I like to apply USM in four steps. 1. Make initial settings 2. Radius 3. Threshold. 4.Amount
Before you start, use the sliders to select an area of the photo that contains some sky, some trees or buildings. After you change any setting you can always use the sliders to see how it affects other areas of the image. In Photoshop when you have the controls on screen you also have a small preview box. If you click your cursor on different parts of the image the preview box will show that area.
Step 1. Use an initial setting of Amount = 300%. Radius = 3 Threshold = 0 The high Amount (strength) setting will help make any other changes obvious. Don't forget to set the view on your monitor to 100%
Step 2. Set the Radius: This is the most important setting. Use an abnormally high setting say 30 to see what this control does. A wide bright halo should surround all the buildings and trees etc. Sometimes you will also see a reverse halo where a bright line appears on a solid object. Use the preview box to switch the view on and off. The idea is to get the Radius to where you see a slight halo around most edges and then back it off a touch so the image is not degraded.
If you are using the sample I supplied, set the Radius down to about 3.5 – you should see narrow halos at this setting but the effect on the image should be obvious because of the high Amount (strength) we chose.
Step 3. Set the Threshold: First click the preview on and off so you know what the effect is with Threshold at zero. Now to see what it does, bring it up to 30 and the USM effect will practically disappear. Set it back to 2 and see how you like the overall effect.
Finally, bring the amount down to 105%. Now the USM should be evident but not overdone.
These settings should give a slightly sharper image. If you want it even sharper try increasing the Amount then increasing the Radius slightly and dropping the Threshold slightly as well.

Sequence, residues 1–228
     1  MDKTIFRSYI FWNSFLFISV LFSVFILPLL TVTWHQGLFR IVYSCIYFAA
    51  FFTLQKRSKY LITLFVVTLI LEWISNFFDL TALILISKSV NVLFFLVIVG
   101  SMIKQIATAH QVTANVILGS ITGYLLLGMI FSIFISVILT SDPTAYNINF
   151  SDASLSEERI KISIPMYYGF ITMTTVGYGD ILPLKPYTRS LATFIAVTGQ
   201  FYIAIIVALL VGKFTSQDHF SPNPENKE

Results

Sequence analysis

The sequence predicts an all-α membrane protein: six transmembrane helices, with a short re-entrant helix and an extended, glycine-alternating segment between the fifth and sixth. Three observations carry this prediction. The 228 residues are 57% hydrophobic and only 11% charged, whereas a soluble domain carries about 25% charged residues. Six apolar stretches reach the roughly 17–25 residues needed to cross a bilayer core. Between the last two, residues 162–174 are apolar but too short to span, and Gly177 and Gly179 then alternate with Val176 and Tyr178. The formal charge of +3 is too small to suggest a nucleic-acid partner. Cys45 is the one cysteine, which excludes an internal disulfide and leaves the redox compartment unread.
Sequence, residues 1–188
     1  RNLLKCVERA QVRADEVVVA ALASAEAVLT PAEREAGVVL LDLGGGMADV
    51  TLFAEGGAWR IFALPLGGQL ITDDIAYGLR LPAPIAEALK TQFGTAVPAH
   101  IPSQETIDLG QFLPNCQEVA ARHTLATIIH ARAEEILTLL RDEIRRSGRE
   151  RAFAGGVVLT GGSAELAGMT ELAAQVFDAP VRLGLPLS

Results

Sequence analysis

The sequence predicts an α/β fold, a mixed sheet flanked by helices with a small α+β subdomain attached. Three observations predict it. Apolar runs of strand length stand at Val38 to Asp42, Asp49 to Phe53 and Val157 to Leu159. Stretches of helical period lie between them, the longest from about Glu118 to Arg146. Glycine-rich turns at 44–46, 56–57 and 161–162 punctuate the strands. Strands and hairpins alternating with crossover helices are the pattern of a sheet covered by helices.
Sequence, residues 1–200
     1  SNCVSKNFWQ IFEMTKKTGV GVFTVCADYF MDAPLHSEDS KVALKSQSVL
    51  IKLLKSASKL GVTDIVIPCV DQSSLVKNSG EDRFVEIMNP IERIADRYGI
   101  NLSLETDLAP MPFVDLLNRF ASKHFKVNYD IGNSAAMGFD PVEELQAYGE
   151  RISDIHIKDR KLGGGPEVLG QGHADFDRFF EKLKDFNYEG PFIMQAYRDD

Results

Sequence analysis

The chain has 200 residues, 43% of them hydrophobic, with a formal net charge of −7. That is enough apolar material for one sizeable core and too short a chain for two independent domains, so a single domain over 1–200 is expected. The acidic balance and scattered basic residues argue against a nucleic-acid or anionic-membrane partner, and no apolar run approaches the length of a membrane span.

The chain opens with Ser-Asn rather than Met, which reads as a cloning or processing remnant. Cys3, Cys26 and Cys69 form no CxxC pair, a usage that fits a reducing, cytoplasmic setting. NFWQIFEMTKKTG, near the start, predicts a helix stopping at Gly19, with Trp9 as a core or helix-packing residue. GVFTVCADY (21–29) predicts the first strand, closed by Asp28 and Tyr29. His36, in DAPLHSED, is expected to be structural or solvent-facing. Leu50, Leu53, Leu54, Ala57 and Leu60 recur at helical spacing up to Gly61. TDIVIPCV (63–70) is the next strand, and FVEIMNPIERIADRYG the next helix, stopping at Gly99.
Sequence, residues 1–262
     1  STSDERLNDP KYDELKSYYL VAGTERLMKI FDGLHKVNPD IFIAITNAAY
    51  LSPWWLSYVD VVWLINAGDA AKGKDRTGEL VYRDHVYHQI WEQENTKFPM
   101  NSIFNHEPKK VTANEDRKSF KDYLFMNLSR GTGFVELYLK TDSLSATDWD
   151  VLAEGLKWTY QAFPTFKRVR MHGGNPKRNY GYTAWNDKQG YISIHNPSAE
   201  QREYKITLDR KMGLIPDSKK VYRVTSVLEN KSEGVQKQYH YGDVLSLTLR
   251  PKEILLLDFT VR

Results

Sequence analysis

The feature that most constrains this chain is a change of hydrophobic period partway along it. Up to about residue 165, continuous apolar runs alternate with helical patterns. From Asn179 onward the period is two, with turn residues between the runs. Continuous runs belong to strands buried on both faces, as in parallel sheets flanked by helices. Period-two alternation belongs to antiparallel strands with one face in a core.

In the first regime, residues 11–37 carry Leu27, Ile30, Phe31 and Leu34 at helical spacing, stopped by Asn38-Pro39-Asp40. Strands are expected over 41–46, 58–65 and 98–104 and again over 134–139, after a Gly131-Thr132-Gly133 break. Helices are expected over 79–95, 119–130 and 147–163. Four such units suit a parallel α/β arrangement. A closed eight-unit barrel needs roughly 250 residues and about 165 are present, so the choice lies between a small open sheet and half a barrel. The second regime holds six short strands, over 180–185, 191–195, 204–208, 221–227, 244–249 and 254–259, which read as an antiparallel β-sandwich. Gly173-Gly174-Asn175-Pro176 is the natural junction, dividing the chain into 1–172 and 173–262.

This is where your own preference comes in. Choose your own settings.
I can only encourage you to use it sparingly so that the final image is not obviously over sharpened. Remember to set the Amount abnormally high only to help choose the radius and Threshold.
My usual settings have the Amount between 80 – 120%, Radius from 0.5 to 4 and Threshold from 0 to 5. You will find your settings will vary a lot depending on the subject. You also might want to choose specific areas to be sharpened. In portraits for example I usually only apply USM to the area of the eyes. Once again – never work on the original and use a separate layer for your sharpening work.
Sharpening should always be the last step in post processing since it can add noise. After you have finished make sure that you have not increased the noise in large smooth areas like the sky. Note if you use sharpening on a RAW or other very high resolution file it will not have as much effect.
Let me know if this was helpful. More importantly please tell me if there's something that you need clarified so that I can improve the guide for others. If you are having problems with a particular image I'd be glad to help. All questions/comments are appreciated.
Click HERE to send me an email message.
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Posted: Wed Apr 8, 2015, 08:39 (1534 days ago)
Mepo,What an excellent guide to USM, with easy to follow, step by step instructions. It seem your skills know no bounds................It was fascinating to see that you own, and drive your own train. :-)